Abraham Lincoln once said, "You can fool all the people some of the time, and some of the people all the time, but you cannot fool all the people all the time."
Now that I think about it, I like this quote. It tells us that, at some point or another, secrets will come out. I like it because it reminds me of mediocrity, deceiving marketing ads, and stinky products. Of course I don't like those things, which is the point. I desire that truth be found about these things. I associate these things with big businesses that trump the "other guys" (that is, small innovators like myself), and win by taking advantage of the weaknesses of man and outnumbering the little guys.
Even as I type this, I realize how severely Steve Jobs' philosophies have affected me. That guy was a perfect-product enthusiast. That's what I get for reading a 500 page tome of his life story.
So it shouldn't be surprising that his ideas have dripped into game development.
But it didn't start with that. You see, the Amoeba Of Light is a game for geniuses. Not those with a high IQ, but those with creative genius. It's for the underminder, the frontiersman, the hero, and yet it's also for those looked down upon. It's for the "little guys" who can outwit the big ones.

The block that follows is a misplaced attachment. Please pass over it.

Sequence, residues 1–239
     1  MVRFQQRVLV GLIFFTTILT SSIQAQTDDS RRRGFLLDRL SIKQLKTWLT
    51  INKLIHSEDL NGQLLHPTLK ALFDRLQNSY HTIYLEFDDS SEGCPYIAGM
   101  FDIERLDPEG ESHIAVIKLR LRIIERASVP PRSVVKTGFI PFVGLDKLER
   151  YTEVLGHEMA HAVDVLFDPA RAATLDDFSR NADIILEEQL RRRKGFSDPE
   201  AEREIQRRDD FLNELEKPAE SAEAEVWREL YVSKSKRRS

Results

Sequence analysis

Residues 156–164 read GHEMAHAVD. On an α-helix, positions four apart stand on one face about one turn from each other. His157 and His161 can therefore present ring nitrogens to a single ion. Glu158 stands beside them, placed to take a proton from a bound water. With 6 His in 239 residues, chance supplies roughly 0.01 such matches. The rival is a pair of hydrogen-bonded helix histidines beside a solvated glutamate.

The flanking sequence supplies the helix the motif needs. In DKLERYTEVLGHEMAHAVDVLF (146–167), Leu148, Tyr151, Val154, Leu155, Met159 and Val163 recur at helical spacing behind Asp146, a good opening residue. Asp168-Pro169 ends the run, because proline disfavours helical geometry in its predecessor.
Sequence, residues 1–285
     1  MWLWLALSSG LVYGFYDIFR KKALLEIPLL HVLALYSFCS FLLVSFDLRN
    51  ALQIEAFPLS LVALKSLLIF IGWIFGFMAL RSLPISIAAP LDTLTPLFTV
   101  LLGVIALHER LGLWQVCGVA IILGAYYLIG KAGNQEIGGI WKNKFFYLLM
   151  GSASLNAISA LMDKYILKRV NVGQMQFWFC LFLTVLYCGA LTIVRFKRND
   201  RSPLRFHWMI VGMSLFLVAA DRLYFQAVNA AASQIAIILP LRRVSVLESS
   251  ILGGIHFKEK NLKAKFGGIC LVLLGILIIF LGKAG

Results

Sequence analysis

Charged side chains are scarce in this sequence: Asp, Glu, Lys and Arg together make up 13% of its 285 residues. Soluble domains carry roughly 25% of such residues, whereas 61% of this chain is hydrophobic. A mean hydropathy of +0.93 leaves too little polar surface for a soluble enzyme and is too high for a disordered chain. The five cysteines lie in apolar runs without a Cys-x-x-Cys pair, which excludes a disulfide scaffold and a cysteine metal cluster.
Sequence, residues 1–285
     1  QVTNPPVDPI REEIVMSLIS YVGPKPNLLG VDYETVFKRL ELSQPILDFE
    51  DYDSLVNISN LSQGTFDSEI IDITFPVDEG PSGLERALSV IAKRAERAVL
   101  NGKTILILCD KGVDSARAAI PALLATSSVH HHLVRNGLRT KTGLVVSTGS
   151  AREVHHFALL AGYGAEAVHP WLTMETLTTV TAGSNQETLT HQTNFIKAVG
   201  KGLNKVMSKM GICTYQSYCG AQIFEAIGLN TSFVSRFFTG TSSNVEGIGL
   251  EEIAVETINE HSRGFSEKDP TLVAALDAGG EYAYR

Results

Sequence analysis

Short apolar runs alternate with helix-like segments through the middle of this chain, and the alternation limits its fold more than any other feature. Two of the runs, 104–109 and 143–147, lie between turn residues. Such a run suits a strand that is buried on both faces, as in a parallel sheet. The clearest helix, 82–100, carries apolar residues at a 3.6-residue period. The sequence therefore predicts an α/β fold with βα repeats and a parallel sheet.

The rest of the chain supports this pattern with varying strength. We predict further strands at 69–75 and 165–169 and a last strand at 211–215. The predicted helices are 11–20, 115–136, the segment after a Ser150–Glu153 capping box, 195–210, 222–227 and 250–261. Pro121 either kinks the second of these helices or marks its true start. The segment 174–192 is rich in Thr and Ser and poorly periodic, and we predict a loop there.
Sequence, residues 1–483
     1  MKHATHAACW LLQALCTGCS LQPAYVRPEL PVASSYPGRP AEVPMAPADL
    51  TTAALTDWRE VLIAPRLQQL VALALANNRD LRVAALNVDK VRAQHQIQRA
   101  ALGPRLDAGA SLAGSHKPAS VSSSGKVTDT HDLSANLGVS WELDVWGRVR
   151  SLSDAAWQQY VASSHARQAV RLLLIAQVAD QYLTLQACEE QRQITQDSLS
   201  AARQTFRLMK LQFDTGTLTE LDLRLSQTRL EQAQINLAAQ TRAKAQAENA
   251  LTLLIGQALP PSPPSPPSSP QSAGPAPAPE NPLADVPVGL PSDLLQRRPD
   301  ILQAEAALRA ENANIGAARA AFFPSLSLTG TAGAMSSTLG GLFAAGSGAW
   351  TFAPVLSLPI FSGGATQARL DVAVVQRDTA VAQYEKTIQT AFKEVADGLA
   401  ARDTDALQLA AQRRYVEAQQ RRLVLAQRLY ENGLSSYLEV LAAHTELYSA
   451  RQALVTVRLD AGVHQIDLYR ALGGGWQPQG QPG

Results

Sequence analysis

From the first days when I was designing the game, I wanted to nail something right on the head that is nearly apart of me: creativity. It panned out like this...
Anyone Can Cook
I like children. Yes, but I don't just like children, I have a connection with them. It's been present ever since I was a child myself, and it seemed that I commonly became acquinted with those younger than me in a social environment. There's a plight of children that is obvious to anyone who pays attention: they can be treated as "inadequate." Now obviously certain skills come with age and practice. But this is what I see when I see children, and it's no coincidence for sure. I am learning to overcome inadequacy myself.
So this heartfelt concern directed the design of my game. The Amoeba Of Light is filled with challenges, but they're different: nearly everyone of them is heavily dependent on creative thought, not skill. This means an adult could puzzle over a challenge for 10 minutes and give the iPhone to his kid (while he helps his wife change the baby's poopy diaper), only to come back and find that the kid beat the level!
But there's another aspect, too. I like improving skill on video games. But there are games that I want to be really good at (okay, Super Smash Brothers specifically) that I question if I'll ever be super good at because I'm not as great as the pros who play for hours a day. A game like The Amoeba Of Light fixes that. My game rewards thought over speed, and innovation over skill.
And in a strange but interesting way, this whole game reflects my current drive in life. I want to be the hero: the herald who leads the way to victory by outwitting the bigger guys.
The Amoeba Of Light is a game for everyone. Will skill be rewarded? Yes. But anyone can outdo the other by thinking outside the box, and yet thinking intuitively at the same time.